There’s been no shortage of start-up companies in the travel arena in recent years. Some of them have made it big, like Uber and Lyft. But others start out with a lot of flash and promise, and then flare out and disappear.
The latest company to join the latter camp is FlightCar, a San Francisco-based venture founded in 2013. Its business model was pretty simple : When you drive to the airport, drop off your car at a FlightCar lot and you get free parking and a car wash. You also agree to let the company rent out your vehicle to someone else while you’re away. And if they do, they’ll give you a share of the revenue.
Things seemed to be going well for a while, but then business started to falter. Stung by poor reviews about its customer service, FlightCar earlier this year went through a major overhaul, replacing a number of key executives and making other operational reforms.
But that apparently wasn’t enough. The company said in a blog post that over the next couple of weeks, it will be shutting down at all 12 airports where it had been operating. It noted that it has sold its technology platform to Mercedes-Benz Research & Development North America, Inc. the automaker’s “innovation lab for new mobility services” located in Silicon Valley.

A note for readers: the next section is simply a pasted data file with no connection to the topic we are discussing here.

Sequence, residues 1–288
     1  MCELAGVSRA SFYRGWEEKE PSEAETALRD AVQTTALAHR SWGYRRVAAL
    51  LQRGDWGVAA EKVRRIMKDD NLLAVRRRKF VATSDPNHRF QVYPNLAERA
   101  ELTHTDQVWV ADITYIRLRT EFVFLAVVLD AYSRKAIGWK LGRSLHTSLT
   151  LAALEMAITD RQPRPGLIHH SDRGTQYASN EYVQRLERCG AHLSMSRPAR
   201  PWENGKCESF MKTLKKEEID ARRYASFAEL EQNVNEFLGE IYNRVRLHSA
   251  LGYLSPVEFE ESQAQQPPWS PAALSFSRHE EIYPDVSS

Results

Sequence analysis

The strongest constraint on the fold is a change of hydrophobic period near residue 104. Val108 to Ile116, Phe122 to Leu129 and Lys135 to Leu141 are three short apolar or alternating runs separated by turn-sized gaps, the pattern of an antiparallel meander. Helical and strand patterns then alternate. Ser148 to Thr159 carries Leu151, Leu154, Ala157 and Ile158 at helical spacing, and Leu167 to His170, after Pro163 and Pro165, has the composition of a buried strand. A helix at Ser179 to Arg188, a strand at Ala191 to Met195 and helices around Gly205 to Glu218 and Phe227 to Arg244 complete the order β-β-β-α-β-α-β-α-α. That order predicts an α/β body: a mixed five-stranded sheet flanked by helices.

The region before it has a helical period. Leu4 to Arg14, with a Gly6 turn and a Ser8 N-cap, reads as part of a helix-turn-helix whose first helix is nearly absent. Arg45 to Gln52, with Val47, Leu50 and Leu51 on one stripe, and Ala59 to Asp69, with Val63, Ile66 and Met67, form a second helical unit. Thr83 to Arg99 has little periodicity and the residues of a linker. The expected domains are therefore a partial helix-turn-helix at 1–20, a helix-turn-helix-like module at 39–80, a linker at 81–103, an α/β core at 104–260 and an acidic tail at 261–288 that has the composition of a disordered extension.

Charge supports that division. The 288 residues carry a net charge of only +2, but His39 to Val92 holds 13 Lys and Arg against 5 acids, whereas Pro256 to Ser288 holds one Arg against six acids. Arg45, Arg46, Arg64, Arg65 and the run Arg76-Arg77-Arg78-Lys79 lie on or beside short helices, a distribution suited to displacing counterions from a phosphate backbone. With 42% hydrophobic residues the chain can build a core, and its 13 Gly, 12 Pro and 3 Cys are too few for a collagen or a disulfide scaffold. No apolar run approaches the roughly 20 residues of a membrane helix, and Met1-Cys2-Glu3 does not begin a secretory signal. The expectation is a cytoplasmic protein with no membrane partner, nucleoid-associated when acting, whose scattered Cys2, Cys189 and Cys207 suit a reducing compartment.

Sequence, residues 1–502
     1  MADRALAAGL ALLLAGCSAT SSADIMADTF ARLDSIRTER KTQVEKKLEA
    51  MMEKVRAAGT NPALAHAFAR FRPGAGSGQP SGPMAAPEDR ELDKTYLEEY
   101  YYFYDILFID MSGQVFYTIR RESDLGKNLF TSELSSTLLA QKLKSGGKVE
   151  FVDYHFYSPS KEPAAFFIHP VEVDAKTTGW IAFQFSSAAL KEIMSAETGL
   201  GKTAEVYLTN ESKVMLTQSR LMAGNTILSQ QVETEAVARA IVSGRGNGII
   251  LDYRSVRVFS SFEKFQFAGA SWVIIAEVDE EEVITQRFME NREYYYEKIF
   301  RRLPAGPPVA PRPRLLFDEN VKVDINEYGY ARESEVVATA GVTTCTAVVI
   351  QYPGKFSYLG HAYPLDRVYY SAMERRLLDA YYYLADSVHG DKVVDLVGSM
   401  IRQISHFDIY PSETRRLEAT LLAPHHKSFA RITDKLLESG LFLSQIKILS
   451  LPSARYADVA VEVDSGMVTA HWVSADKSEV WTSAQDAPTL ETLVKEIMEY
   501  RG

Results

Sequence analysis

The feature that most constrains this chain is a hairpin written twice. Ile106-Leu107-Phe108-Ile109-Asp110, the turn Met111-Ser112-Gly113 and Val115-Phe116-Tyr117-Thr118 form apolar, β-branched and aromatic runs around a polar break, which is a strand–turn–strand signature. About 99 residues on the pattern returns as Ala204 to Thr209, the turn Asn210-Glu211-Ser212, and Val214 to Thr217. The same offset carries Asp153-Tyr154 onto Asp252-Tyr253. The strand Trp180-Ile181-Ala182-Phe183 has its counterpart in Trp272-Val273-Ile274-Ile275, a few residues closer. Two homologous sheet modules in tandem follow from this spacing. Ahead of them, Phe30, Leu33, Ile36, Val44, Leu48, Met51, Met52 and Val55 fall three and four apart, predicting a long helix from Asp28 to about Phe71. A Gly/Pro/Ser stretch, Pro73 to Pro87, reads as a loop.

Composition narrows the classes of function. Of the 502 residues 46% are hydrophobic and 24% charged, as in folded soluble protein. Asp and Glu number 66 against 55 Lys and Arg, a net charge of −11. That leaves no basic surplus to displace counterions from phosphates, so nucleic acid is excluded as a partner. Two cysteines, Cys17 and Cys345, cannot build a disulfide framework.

It’s the second San Francisco-based ride-sharing innovator to close up shop in recent months. Last December, the same thing happened to Sidecar, originator of a ride-sharing app in 2012. Sidecar got into the market ahead of Uber and Lyft, but it never expanded beyond nine U.S. cities, and was soon overwhelmed by its larger and better-financed competitors.
And it’s not just ride-sharing companies that can fail. The California-based all-you-can-fly membership airline Surf Air seems to be doing well, but last year three of its four founders moved east and started a company called Beacon, based on the same all-you-can-fly model for trips between Boston Logan and New York’s Westchester County Airport. They did not replicate their west coast success, however; Beacon shut down in April of this year.
Readers: Did you ever use FlightCar? What was your experience like? What’s the next travel startup to bite the dust?
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